careers in biodiversity conservation
V arious developments at international, national and local levels are changing the way people think about biodiversity conservation. These developments are similarly creating a climate for increased action to address the increasing scale of biodiversity loss and ecosystems degradation that is seen currently. In this changing international, national and local context various careers and learning pathways are opening up that enable the development of competence towards the objectives of biodiversity conservation and sustainable development.
C.A.P.E. Cape Action Plan for the Environment
Concern for biodiversity loss and ecosystems degradation has gained increased attention in the international and national arena over the past three decades. This is evident in the series of conventions and debates engaging various countries, governments and people in exploring legislative frameworks and practical strategies to address the increasing scale of biodiversity loss and ecosystems degradation. Coupled to these developments is the reconceptualisation of biodiversity conservation, beyond traditional park boundaries and green issues, to integrate and link issues of human well-being centrally within biodiversity and ecosystems concerns. In 1992, the Convention on Biological Diversity (CBD) was signed through which various governments committed themselves to developing legislation, policy and scientific initiatives that support the conservation and sustainable use of biological resources. Since 1992 various initiatives have sought to support the translation of this international convention into practical workable actions at a local level. The ecosystems approach, for example, developed at the fifth Council of Parties meeting in 1998, proposed twelve key principles as a framework for developing practical strategies that support and promote the conservation of and sustainable use of biological resources. A key feature of the ecosystems approach is the recognition of humans, and their cultural diversity, as an integral part of all ecosystems.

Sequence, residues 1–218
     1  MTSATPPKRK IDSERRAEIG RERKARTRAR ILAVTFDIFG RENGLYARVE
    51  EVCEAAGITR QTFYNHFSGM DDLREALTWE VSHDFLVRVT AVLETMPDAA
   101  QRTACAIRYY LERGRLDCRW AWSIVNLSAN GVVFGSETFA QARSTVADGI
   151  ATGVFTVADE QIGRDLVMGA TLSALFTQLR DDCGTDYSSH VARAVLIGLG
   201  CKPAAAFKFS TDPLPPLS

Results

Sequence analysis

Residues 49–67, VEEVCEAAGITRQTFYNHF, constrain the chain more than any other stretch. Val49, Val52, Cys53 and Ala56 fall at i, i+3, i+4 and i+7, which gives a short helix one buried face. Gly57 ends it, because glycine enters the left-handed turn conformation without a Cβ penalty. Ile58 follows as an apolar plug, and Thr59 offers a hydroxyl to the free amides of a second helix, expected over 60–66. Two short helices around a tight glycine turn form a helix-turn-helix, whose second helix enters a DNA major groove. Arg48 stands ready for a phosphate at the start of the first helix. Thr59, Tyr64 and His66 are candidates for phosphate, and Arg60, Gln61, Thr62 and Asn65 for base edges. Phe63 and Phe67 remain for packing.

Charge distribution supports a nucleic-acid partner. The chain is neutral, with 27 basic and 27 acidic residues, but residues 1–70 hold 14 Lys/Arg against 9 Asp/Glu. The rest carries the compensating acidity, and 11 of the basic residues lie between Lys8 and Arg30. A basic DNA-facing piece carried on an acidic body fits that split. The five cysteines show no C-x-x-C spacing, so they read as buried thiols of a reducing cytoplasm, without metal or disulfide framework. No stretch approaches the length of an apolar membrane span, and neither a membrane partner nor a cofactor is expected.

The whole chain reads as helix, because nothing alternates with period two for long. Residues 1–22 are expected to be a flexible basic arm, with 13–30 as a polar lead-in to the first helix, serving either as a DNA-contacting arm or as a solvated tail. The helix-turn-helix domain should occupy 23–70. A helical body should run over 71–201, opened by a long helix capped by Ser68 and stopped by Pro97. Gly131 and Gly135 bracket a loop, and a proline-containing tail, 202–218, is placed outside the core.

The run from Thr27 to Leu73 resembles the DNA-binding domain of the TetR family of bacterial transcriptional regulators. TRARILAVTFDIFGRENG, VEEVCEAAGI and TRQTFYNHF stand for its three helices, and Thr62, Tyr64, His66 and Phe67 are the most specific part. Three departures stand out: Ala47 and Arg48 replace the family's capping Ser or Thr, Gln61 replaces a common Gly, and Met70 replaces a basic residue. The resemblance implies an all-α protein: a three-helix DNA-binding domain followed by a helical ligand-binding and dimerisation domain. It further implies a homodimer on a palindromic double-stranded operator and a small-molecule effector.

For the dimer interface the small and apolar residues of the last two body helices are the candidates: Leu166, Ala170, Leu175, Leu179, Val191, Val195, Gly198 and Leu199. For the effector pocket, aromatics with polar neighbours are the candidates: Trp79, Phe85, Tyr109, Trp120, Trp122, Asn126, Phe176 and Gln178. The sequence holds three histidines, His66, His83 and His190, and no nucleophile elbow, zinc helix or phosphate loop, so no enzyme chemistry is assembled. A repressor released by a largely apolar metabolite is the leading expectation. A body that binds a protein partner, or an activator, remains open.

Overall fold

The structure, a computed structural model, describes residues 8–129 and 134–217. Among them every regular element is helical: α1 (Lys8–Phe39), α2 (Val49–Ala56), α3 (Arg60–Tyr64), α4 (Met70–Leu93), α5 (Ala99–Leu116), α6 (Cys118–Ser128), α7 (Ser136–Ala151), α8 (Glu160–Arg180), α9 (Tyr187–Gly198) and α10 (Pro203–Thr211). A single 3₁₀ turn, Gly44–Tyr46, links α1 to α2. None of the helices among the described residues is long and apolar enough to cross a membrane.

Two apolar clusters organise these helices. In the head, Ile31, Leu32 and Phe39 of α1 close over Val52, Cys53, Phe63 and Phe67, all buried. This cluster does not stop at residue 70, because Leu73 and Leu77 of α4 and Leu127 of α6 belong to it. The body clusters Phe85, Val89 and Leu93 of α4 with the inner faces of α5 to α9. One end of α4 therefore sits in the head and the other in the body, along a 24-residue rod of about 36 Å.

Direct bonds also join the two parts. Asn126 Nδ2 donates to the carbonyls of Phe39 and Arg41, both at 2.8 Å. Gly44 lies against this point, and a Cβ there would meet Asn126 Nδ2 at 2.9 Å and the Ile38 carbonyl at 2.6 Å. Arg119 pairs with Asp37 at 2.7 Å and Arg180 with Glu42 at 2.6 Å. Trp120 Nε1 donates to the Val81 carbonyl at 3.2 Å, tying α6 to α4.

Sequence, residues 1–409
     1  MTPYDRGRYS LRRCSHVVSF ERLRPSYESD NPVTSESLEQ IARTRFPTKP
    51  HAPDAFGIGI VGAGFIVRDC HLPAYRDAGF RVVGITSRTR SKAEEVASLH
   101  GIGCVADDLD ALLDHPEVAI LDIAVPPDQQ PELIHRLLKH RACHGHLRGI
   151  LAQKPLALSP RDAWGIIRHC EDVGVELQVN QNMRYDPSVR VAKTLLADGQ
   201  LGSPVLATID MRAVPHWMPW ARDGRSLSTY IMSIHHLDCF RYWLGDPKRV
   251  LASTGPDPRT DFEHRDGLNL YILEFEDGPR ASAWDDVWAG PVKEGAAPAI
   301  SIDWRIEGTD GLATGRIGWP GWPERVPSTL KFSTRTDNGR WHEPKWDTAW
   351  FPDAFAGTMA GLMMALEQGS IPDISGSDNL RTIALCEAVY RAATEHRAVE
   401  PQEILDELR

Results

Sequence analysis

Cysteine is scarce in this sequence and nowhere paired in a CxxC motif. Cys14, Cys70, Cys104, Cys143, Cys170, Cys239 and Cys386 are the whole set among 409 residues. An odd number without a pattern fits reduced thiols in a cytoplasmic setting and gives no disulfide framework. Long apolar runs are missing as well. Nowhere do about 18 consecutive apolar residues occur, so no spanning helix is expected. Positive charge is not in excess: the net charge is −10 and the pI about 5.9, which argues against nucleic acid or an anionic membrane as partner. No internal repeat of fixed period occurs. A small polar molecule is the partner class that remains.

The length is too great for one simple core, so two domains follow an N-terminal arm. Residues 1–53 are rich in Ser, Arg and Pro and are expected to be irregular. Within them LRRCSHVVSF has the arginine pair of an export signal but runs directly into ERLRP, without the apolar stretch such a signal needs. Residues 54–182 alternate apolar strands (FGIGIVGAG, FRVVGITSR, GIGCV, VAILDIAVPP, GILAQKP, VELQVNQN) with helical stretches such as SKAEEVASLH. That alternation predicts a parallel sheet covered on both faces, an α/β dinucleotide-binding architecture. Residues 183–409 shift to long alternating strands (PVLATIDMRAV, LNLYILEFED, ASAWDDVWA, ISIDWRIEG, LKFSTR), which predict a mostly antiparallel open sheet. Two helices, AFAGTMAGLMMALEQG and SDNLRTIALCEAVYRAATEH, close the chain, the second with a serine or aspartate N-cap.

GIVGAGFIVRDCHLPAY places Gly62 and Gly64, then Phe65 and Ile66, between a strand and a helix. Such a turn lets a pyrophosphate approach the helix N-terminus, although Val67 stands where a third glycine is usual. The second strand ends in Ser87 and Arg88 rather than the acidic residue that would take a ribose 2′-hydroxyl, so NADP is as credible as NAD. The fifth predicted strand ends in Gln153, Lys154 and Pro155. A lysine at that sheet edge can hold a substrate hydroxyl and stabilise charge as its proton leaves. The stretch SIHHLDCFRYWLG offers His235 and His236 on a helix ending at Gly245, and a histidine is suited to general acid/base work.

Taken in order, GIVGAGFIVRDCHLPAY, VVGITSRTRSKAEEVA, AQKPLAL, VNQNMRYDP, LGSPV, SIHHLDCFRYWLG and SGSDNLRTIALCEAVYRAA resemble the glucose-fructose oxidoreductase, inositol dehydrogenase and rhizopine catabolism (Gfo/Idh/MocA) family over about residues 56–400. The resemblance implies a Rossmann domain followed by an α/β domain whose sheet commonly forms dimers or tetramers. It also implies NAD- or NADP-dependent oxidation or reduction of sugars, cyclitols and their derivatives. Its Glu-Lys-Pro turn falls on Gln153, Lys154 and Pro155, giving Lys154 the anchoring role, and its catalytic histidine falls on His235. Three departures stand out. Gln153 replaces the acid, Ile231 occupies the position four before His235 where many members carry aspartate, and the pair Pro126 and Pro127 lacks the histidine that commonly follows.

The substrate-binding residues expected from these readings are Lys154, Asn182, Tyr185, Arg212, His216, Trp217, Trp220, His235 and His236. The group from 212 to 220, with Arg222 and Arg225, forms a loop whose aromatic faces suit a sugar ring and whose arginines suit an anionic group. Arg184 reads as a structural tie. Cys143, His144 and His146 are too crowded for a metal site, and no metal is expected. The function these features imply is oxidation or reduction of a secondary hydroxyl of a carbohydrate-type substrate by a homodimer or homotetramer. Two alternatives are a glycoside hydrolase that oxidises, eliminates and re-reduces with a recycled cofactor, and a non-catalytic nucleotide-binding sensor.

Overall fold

Further developments in the reconceptualisation of biodiversity conservation is evident in deliberations, prior to, during and after the World Summit on Sustainable Development (WSSD), held in Johannesburg in 2002, that focused on the alleviation of poverty through patterns of